You probably have seen palm branches hanging as ornaments on doors and windows around the season of Easter. This is because a palm branch is the most significant symbol during Palm Sunday. Its essence can be traced back to a vivid Jewish tradition and Christian history. In history, the palm branch also symbolizes an eminent incident in the life of Jesus Christ that forever changed the world.
Palm Sunday, also known as Passion Sunday reminisces Jesus Christ’s triumphal entry in Jerusalem, and it’s never complete without the waving and decorations of palm branches. This is because palm leaves that are used on Palm Sunday mark the last Sunday of the Lenten season and the beginning of Holy Week. Holy Week is the week before Easter that commemorates the last days of Jesus before He was crucified. Visual representations associate the different days of Lent and Easter to remind Christians of the season’s significance. On Palm Sunday, palm branches signify the victory and triumph Jesus has over death.
Palm Branch: A Mark of Triumph
Traditionally, these special palm branches carried on Palm Sunday are a symbol of the triumphant entry of Jesus into Jerusalem. All four Gospels contain the account of this momentous entrance of Jesus (Matthew 21:1-11; Mark 11:1-11; Luke 19:28-34; and John 12:12-15). The people of Israel upon knowing that Jesus is approaching Jerusalem, cut and used palm branches to welcome Him. They placed their clothes on the road and waved palm leaves as they followed Jesus. The multitudes shout notable phrases such as, “Hosanna to the Son of David! Blessed is He who comes in the name of the Lord! Hosanna in the highest!”. However, at this time they didn’t know that this entry of Christ was also the beginning of His sacrifice for their sins.
Victory is represented by a Palm branch. Hence the people in the account of Jesus’ arrival used palm branches to celebrate His arrival. This certain act has a rich cultural and historical background for the Jews. Their ancestors also use these leaves for celebration. So, the palm branch marks a triumph for the people of Israel. Though the Jews expected a triumphant act to occur, their expectation differed from the jubilation of salvation Jesus has given; the highest victory that we can receive.
It’s interesting how from giving honor to Jesus, the Jews turned against him and urged for his crucifixion. One moment, they were praising Him, and next they were mocking Him. This just simply represents how we, humans fail all the time. We can be so resolute to follow His word at a certain time of our lives, then when things don’t go the way we planned, we start to question God, doubt him, and even accuse Him.
Everybody is desperate for salvation since we are all hopeless in our own nature and actions. Each one of us needs the victory that’s found in Jesus Christ. This victory is freely ours if we live by faith. Claiming this victory will give us freedom from sin, guilt, shame, and death. We can overcome the enemy’s schemes, his power, and traps against us through the blood of Christ. Death has lost its sting when Jesus rose again with victor’s crown on His head. We celebrate this success with every Palm Sunday where palm branches remind us of this victory like a token of triumph.
Palm Branch: A Brief Look Into Jewish Tradition
Palm trees are abundant in the land of Israel and have been mentioned in the Bible multiple times pertaining to important historical moments. For example, one of Israel’s judges, Deborah conducted court meetings under the shade of Palm branches (Judges 4:5), and King Solomon had carved the walls of the temple, both inner and outer sanctuaries with figures of palm trees, cherubim, and open flowers (1 Kings 6:29). Also, interestingly, history has recognized Jericho as the city of palm trees for it has the finest palm branches (Deuteronomy 34:3). However, the practice of associating palm branches to structures and customs originates from the celebration of God’s victory in the Book of Leviticus.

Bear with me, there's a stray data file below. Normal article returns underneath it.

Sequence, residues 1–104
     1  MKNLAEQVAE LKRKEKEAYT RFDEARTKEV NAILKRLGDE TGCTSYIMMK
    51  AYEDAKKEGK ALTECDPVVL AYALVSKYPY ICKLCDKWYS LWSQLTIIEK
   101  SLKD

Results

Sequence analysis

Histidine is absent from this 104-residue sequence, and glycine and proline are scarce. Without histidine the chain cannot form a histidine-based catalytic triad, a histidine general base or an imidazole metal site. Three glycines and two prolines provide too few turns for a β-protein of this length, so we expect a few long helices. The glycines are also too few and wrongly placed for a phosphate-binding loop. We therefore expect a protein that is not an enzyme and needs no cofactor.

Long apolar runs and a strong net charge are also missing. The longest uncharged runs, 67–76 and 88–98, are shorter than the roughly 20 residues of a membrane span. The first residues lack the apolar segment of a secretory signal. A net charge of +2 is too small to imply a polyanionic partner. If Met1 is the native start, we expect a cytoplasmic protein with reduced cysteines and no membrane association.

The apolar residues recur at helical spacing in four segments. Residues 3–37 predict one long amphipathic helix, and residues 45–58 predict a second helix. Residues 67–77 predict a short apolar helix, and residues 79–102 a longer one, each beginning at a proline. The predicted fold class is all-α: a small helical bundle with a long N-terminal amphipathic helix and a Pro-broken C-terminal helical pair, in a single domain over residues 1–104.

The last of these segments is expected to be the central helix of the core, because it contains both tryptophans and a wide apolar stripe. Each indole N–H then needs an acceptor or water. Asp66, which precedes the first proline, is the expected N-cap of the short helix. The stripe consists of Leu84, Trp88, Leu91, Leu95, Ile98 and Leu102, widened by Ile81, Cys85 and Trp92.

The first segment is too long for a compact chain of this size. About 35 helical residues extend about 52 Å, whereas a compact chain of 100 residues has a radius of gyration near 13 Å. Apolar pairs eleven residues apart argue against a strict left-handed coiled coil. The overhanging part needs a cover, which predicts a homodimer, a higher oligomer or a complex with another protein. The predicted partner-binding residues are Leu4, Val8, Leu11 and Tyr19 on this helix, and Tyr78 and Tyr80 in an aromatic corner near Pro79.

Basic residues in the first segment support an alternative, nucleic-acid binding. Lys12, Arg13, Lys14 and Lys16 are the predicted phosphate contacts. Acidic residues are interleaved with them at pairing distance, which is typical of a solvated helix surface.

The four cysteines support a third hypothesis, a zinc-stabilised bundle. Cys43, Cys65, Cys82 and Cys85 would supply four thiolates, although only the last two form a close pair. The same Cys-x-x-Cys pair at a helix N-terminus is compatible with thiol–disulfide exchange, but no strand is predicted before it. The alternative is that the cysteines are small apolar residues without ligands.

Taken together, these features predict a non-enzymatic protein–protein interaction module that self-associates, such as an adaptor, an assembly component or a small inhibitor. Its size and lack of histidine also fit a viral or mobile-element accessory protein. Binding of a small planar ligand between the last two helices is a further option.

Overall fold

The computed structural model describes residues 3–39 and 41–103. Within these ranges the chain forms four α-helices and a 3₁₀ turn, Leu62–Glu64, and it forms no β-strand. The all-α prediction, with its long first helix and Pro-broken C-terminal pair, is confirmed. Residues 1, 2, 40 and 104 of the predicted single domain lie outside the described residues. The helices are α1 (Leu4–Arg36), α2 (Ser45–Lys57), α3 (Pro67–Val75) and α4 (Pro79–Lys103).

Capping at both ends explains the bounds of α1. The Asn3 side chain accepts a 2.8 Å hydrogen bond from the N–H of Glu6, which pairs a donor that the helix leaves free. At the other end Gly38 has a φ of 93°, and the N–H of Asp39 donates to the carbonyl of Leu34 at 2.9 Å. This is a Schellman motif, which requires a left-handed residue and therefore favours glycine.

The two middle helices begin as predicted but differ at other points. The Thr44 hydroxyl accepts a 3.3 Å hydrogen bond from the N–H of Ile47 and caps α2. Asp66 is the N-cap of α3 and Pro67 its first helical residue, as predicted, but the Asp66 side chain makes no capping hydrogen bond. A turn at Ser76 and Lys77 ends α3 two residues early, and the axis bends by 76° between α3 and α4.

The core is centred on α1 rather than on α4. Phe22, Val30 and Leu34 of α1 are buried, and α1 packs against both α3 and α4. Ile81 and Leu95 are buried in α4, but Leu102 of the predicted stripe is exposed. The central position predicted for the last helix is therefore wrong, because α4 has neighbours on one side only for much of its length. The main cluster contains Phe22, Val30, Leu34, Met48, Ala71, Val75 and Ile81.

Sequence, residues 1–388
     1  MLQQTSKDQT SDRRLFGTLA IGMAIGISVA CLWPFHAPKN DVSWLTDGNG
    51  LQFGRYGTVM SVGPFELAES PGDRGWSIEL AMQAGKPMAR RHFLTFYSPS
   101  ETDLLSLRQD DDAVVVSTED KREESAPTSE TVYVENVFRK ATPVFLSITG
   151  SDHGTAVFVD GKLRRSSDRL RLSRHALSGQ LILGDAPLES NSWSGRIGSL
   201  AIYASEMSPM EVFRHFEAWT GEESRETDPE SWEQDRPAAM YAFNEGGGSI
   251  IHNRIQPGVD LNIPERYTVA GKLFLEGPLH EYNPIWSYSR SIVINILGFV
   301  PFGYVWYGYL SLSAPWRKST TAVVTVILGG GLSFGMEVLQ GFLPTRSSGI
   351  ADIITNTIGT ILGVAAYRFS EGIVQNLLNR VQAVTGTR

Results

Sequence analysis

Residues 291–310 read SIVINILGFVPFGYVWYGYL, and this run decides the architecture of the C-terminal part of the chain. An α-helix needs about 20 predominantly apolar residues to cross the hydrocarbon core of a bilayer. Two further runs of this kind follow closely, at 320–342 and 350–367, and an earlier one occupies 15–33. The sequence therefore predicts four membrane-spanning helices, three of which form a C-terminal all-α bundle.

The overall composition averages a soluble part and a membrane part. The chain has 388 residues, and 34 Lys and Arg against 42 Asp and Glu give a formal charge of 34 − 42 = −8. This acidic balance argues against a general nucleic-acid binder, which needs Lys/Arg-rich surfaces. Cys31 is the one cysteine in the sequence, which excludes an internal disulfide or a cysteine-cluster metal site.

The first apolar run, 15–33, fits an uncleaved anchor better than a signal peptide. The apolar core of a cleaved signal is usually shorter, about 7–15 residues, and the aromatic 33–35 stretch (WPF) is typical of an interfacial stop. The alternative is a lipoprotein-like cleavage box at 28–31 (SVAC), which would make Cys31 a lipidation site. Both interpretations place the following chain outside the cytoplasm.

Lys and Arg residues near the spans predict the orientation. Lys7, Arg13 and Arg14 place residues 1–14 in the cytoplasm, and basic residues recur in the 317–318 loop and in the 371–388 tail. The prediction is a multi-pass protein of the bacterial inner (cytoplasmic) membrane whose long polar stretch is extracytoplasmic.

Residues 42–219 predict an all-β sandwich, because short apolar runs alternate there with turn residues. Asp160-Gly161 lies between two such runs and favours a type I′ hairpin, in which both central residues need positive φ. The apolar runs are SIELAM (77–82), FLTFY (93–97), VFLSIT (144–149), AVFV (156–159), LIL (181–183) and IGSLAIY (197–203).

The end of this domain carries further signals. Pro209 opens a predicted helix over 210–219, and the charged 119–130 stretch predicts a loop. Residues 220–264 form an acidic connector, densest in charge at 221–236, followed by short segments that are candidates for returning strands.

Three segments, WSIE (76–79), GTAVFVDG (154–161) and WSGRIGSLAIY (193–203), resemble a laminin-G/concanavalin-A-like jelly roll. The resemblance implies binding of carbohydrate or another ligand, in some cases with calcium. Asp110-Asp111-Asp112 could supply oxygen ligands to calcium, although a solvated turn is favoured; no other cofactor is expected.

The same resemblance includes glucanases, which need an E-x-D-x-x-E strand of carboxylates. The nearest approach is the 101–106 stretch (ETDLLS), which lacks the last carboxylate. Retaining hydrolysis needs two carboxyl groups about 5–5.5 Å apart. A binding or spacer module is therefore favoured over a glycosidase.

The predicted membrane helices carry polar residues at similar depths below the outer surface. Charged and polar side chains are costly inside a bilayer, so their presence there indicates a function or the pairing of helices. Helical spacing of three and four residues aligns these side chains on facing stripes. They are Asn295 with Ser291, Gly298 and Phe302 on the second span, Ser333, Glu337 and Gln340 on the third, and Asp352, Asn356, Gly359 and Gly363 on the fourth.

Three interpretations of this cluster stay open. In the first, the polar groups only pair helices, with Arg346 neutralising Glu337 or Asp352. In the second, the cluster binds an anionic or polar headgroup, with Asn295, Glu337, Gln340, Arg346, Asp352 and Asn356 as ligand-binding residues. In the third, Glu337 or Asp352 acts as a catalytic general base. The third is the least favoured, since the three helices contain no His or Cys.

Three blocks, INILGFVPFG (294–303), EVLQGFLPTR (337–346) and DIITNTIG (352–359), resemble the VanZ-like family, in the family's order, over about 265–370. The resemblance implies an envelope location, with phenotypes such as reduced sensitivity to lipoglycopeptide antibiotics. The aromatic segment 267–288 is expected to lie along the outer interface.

The palm tree is an important symbol of victory for Israel after God delivered the Israelites from slavery in Egypt. After Israel got out of Egypt, the Lord commanded that they celebrate a feast in honor of the freedom they had from the hands of their captors who enslaved them for hundreds of years. From then on, the people of Israel celebrate the Feast of Tabernacles which took place for seven days. (Throughout this period, the Israelites dwell in booths made of palm branches, boughs of leafy trees, and willows of the brook; Leviticus 23: 40-43).
Furthermore, the Lord commanded that this practice be passed on to future generations. In this way, the people of Israel will know the victories God has given to them. This Jewish tradition commanded by God was carried out each year until the day of Jesus’ crucifixion. Today, various Christian churches still use the palm branch as the symbol of God’s victory and power.
Looking Forward to a Coming Victory
When the Israelites waited for the coming of their King carried by a donkey, they also looked forward to the fulfillment of the prophecies. The Jews looking unto Jesus is also seeking the hope set before them. If there’s one thing that we can learn from this noteworthy incident in the Bible, it is the joyful devotion of the people towards Jesus. They praised Him, “Hosanna in the Highest”. In the Hebrew language, “Hosanna” is a prayer meaning “save us”. The same prayer is what everyone needs. We all need salvation. And once we know that this is what we’ve been waiting for, we can stand in the assurance that a day will come when the fulfillment of victory that we have today will set us free.